When it comes to remixing, the remixer will usually be working from the original multitrack recording of whatever it is that is being remixed, so he or she will have access to the component sounds (drums, bass, vocals, and so on) individually. This makes it easy for them to take the bits they want and replace the bits they don't. If you're sampling from a record, CD or other form which is already 'mixed down' into stereo, your options are much more restricted. In your example, for instance, if you wanted to sample Donald Fagen's voice, you would inevitably get the background music as well; there's no way to separate them. In general, if you want to do remixes, you really need to have access to the original multitrack recording, or at least to some of its component parts.

With regard to your equipment choices, the Korg D8 is a good digital 8‑track if, as you say, you're sure you'll never need to record more than two tracks at once. The Roland VM3100 is, likewise, a good mixer. However, I'm not sure that they would make a particularly good combination: since the D8 has its own mixer built‑in, it's not really designed to be used with an external mixer like the Roland — in order to make much use of an external mixer, you'd need to have individual outputs for each of the D8's tracks, so you could send each of these tracks through a separate channel on the Roland mixer, but in fact the D8 has only stereo outputs. Having an additional mixer wouldn't allow you to record any more simultaneous tracks on the D8, though it would provide extra inputs which could be mixed together to be recorded via the D8's stereo input.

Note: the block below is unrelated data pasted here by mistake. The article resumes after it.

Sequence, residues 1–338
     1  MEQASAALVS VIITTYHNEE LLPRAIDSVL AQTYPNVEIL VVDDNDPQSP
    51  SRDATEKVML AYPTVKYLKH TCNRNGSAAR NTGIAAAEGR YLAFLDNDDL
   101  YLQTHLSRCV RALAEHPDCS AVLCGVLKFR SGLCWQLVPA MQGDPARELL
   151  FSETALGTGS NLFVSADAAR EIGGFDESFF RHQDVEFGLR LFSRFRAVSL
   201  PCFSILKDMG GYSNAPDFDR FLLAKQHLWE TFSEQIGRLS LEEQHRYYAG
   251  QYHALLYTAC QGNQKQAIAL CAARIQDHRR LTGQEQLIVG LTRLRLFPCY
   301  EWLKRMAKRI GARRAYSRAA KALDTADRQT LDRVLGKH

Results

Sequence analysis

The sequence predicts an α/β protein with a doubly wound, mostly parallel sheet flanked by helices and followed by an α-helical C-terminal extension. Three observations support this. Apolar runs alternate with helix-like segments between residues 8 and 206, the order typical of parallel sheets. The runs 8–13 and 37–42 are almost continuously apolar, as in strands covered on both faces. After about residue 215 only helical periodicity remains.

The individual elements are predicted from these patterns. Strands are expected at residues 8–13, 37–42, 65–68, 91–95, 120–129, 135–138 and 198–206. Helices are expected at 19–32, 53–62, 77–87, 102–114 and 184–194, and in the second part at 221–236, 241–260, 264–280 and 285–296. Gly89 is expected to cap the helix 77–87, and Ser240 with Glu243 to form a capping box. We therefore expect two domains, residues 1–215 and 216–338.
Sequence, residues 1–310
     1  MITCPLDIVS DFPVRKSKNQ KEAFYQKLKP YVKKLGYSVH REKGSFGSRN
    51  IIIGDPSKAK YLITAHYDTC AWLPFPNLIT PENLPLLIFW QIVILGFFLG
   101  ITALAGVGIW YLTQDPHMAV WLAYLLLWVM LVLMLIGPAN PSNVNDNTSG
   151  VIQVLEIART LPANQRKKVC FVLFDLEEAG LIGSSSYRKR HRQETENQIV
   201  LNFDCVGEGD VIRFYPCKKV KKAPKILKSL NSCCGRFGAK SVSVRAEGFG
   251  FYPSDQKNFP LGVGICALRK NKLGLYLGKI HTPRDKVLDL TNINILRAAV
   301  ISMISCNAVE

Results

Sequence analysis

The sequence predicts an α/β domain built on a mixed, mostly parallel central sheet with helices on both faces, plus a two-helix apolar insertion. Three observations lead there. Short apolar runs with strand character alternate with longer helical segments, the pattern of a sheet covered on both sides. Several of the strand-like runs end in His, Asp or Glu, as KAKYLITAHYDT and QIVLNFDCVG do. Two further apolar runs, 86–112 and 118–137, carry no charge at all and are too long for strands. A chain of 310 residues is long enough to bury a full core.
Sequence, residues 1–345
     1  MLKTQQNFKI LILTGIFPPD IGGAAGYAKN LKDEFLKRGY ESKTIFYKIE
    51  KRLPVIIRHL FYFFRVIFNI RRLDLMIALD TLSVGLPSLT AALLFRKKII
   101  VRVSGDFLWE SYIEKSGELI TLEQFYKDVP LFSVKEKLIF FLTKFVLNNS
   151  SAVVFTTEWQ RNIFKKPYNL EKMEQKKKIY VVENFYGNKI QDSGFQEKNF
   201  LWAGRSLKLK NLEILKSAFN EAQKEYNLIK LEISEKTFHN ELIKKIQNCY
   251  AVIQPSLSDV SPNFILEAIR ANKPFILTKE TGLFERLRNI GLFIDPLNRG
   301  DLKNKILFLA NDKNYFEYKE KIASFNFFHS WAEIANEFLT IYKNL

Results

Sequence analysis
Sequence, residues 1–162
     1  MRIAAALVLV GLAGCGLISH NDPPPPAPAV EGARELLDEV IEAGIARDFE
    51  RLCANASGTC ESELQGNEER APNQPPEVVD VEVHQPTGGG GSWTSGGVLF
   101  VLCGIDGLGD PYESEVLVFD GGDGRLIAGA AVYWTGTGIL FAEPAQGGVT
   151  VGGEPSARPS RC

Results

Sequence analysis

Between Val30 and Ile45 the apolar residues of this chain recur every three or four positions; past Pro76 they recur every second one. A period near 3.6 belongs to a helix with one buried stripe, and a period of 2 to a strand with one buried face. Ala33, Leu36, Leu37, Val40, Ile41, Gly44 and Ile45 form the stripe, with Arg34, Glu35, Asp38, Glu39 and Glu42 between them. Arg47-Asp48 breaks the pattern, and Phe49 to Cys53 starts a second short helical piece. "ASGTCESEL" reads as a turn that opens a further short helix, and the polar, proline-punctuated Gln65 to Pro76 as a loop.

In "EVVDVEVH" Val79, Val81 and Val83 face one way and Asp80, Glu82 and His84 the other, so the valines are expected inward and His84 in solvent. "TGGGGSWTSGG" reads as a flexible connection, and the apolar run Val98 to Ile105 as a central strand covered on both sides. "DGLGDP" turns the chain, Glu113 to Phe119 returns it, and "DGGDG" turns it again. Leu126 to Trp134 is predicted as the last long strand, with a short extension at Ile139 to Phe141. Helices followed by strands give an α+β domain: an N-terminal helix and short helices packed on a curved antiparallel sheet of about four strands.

If you were to buy both, then, you would effectively be buying two mixers, which you wouldn't be able to take full advantage of, and which you might well not need. You could consider two other possible approaches. The simplest option would be to spend the same amount on just buying one unit which combines a mixer and hard‑disk recorder (such as Roland's VS880, Akai's DPS12 or, if you can stretch to it, Korg's new D16). Alternatively, you could buy a mixer such as the Roland and a digital 8‑track recorder which has no mixer section, such as Fostex's FD8, or a second‑hand Alesis ADAT. If you do this, you need to make sure that your mixer and recorder are properly integrated: for instance, to properly interface Roland's VM3100 with a digital 8‑track such as the Fostex or an ADAT, you'd need an additional converter box to convert digital signals from Roland's proprietary R‑Bus format to ADAT‑format. there's little to be gained by adding another, like the Roland VM3100 (right) there's little to be gained by adding another, like the Roland VM3100 (right).